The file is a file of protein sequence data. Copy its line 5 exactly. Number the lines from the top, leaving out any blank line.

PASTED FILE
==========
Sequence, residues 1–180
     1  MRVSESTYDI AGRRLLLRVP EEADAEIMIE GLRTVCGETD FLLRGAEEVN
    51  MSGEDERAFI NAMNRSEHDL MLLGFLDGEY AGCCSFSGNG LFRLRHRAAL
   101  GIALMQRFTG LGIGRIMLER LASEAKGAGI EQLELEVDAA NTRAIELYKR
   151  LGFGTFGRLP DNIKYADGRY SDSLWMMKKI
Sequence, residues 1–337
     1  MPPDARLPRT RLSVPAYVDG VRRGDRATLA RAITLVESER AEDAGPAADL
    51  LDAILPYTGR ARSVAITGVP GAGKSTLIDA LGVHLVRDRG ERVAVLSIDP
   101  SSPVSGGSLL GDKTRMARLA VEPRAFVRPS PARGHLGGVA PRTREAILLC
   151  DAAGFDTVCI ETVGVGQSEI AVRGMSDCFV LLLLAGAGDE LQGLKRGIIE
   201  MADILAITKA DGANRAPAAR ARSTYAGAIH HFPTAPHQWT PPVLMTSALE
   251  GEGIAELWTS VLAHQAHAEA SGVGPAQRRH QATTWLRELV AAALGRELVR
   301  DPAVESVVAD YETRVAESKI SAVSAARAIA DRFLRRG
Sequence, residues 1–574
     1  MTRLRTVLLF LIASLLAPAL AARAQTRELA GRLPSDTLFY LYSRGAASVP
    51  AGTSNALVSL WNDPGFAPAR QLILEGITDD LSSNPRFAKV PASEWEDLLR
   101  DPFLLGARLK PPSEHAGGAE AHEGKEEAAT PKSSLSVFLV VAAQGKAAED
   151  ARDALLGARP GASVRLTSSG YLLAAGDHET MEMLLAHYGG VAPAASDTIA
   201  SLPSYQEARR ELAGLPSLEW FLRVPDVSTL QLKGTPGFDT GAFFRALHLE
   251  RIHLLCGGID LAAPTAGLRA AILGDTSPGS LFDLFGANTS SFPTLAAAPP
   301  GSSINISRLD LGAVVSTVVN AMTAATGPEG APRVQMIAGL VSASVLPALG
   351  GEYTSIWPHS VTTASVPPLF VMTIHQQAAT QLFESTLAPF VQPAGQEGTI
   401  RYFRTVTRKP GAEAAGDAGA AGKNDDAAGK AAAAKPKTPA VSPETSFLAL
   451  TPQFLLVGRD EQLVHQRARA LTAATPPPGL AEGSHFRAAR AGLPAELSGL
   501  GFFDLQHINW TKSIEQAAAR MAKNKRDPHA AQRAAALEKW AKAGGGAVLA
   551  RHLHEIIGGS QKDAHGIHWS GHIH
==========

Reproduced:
   151  LGFGTFGRLP DNIKYADGRY SDSLWMMKKI